Beneficial insects to the rescue

The champion in controlling cottony cushion scale is the vedalia beetle, one of the 200 species of ladybeetles in California. The beetle lays eggs under the female scale or her egg sac. The beetle eggs hatch into larvae which feed on scale eggs and crawlers. Adult beetles feed on all scale stages. Other lady beetles feed on aphids, mites and psyllids. They will lay a row of eggs near an aphid infestation so the emerging larvae have food available. On a single rose plant, I’ve seen lady beetles, their eggs and larvae, syrphid flies and their larvae, all having a party on the aphids. 

A parasitic fly, Cryptochaetum iceryae, lays eggs in the second or third instar or adult female scale. The hatching larvae feed inside the scale, pupate and emerge as an adult fly.

Mealybug destroyer is a mostly black ladybeetle with a red-brown head. The adult beetle and larvae feed on all stages of the mealybug. The larvae are covered with waxy curls and resemble the mealybug, something to keep in mind when cleaning pests off of the plant. They can be obtained from insectaries and may need to be reintroduced each year, as they do not survive in the cold.

You can help the beneficial insects

Control dust on the leaves of the plant with a strong stream of water early in the day.

Control ants around the plant or tree as they will protect the scale or aphids from predators to obtain the honeydew. Apply a sticky substance such as Tanglefoot to a collar of fabric tree wrap or duct tape around the trunk of the tree. Monitor the sticky material for debris which will give ants a bridge to cross into the tree trunk. Ant bait stations provide a pesticide the ants take back to their nest to eliminate the colony. Treat for ants in early spring before their population increases.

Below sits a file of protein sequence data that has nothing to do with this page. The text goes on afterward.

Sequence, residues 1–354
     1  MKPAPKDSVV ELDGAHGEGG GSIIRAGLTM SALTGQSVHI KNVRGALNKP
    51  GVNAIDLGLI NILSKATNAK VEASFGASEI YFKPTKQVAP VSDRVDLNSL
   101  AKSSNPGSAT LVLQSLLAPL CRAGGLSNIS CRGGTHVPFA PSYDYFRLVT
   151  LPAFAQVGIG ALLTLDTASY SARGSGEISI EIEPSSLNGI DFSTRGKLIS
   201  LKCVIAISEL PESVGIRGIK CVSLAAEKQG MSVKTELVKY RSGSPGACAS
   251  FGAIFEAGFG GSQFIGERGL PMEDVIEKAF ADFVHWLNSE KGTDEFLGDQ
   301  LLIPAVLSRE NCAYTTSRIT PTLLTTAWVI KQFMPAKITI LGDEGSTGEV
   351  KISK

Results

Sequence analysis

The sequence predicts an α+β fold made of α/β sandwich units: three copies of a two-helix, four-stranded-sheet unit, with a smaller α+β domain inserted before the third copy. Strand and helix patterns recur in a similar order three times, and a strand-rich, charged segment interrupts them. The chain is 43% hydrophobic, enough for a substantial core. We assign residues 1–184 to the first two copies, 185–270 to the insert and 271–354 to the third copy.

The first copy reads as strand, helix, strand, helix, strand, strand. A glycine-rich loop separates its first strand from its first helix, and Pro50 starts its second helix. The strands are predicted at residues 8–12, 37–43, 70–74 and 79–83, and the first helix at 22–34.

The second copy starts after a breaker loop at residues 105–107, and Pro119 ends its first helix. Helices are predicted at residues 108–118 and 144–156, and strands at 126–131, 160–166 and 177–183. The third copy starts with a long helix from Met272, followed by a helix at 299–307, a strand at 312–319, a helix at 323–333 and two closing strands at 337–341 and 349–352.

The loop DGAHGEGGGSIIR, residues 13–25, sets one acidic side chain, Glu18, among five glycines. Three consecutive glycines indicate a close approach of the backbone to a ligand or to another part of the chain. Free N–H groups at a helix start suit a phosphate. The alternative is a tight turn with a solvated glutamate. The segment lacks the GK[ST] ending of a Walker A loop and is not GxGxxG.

Maintain good growing conditions for your plants, particularly irrigation, to increase their resistance to pest problems. Prune off heavily infested twigs and branches and clean up fallen leaves. Proper pruning to open up the canopy of the plant exposes scales to heat and parasites to reduce their population. Reduce weeds from around garden beds to avoid competition for water and habitat for pest insects.

Providing the beneficial insects with native plants which bloom in different seasons gives them pollen and nectar and a reason to stay close to your yard until their pest insect prey arrive.

Aphids are on the menu for a number of beneficial insects and prior to their arrival, can be dispatched with a strong stream of water from small shrubs such as roses.

Chemical control

Because of the detrimental effect on beneficial insects, use of chemicals should be avoided. The application of chemicals directly on the pest is not so simple. The cottony cushion scale eggs are well protected in their egg sac and insecticides don’t control adult scales well due to their waxy covering. Cottony cushion scale infestation may be worsened if the vedalia beetle is poisoned by an insecticide, allowing the scale to proliferate. Mealybugs also have a waxy covering blocking contact with chemicals. 

Application of a narrow range horticultural oil to a deciduous plant during the dormant season is an option, as the beneficial insects would not be present.

The UC IPM Pest Notes are a great resource

Honeydew is a nuisance, but also can be an indicator of a serious problem such as the Asian citrus psyllid. On the Master Gardener web site, the UC IPM section has more details and photos of the insects, damage and management of these pests. The photos and descriptions of the various pests can help with correct identification of the source of honeydew and appropriate methods of treatment. The IPM Pest Notes can also be obtained from the Master Gardeners at our information booths.

The Master Gardeners will be live to answer your questions on Saturday, April 15, 8 to 11 a.m. at Visalia’s Farmer’s Market in Sequoia Mall’s southwest parking lot. You can also contact them at 559-684-3325, or visit their web site at ucanr.edu/sites/UC_Master_Gardeners.

This column is not a news article but the gardening advice and opinion of the writer, and does not reflect the views of The Sun-
Gazette newspaper.